Restaurant places fridge in street. Customers leave their leftovers there so those in need can eat

 One of the saddest contradictions of modern life is that every day, countless tons of untouched food are thrown away while thousands of people lose their lives to starvation. It’s a contradiction we’ve come to accept. Despite the best efforts of governments and charities around the world, chronic hunger and malnutrition seem inevitable.
For one brilliant Indian restauranteur, however, the solution to global hunger starts at home. Minu Pauline, owner of Pappadavada restaurant in the city of Kochi, had a simple idea: to install a fridge outside Pappadavada for her patrons to store their leftovers and for the city’s impoverished to take from as they please. Shocked into action by the sight of a hungry woman rummaging through trash for food late at night, Pauline decided to create a 24/7 resource for the poor and the hungry.
 Though her work is purely local, Pauline recognizes the larger social implications of her solution. In an interview with HuffPo, she criticizes those who contribute to food waste: “If you’re wasting your money, it’s your money, but you’re wasting the society’s resources” when you let good food spoil or throw it away. Thus Pauline’s efforts can be seen as an attempt to recapture society’s claim over its own resources so that they may benefit the society as a whole.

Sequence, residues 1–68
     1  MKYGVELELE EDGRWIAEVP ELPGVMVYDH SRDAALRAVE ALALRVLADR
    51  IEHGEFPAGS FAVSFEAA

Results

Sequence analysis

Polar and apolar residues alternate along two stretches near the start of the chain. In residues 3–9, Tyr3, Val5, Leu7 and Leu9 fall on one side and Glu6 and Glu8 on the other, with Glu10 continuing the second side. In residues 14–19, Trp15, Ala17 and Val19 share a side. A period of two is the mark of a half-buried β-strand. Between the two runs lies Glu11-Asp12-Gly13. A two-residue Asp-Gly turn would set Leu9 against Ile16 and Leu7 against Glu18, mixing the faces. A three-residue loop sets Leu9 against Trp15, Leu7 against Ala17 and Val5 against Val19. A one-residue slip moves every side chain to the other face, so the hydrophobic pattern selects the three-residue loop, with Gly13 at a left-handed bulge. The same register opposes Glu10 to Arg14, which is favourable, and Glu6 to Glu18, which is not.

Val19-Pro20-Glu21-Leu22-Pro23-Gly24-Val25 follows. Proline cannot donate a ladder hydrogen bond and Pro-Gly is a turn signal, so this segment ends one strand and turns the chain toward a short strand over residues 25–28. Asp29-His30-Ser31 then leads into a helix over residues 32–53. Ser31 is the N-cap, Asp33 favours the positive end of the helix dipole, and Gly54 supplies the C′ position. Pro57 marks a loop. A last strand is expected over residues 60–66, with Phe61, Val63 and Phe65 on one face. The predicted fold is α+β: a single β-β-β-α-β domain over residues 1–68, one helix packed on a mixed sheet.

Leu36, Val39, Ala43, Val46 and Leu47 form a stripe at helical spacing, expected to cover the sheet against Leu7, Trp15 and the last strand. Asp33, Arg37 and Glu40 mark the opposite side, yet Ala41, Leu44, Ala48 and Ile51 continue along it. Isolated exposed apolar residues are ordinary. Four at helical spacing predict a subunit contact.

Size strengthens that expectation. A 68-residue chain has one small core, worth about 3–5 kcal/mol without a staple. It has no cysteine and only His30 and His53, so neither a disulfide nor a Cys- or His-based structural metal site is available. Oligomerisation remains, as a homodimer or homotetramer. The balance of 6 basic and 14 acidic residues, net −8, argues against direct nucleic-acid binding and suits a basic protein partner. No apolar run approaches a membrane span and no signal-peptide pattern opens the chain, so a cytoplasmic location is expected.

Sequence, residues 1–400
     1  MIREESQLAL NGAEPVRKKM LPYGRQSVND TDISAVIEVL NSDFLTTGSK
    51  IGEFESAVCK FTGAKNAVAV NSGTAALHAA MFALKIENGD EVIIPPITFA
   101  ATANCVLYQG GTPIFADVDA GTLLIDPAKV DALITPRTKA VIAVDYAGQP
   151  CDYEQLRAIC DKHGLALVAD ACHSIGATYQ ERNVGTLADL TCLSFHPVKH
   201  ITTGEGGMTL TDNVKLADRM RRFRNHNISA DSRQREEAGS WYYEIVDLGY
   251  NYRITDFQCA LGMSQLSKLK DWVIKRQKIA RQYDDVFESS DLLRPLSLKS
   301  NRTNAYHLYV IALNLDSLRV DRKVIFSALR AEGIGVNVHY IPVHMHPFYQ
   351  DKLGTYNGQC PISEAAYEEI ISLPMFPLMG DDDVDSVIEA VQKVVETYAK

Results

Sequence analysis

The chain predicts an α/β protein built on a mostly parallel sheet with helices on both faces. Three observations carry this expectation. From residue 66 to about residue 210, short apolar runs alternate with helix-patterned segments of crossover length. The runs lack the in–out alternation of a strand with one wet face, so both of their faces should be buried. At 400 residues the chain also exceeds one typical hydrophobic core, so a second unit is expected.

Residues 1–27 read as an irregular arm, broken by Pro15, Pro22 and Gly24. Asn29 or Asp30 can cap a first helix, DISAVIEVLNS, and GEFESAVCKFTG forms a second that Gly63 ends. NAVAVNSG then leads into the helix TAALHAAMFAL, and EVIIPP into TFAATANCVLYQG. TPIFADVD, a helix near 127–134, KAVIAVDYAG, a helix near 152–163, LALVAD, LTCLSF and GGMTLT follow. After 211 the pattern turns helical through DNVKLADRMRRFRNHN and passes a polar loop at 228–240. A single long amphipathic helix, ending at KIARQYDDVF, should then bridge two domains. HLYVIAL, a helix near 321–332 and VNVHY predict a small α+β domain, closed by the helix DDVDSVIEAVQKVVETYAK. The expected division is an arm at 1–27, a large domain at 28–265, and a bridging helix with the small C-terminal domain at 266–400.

Ideas like Pauline’s are more important than ever. Though India may be halfway across the world, Americans would do well to learn from the Pappadavada experiment. According to a recent article in The Guardian, nearly half of all U.S. food produce goes to waste. Though much of this waste is the result of supermarkets rejecting produce with minor visual imperfections, as the article discusses, a larger portion of perfectly edible food is wasted by consumers. This wastefulness is an absolute injustice in a country where one in five households experiences food insecurity.
Governments and charities cannot solve this problem alone. Rather, the solution to hunger in a community must begin and end in that community. Soup kitchens, food banks, farmers’ markets, community gardens, hydroponics, and innovative solutions like Pappadavada’s are all major steps towards eradicating local starvation. But to make these local miracles a global reality demands a collective effort. Each and every one of us possesses the power to improve the lives of others. It is only when we see people in our communities as separate from ourselves that we can rationalize away their suffering as “not my problem.” Were we all a little more like Minu Pauline, the world would be forever changed.

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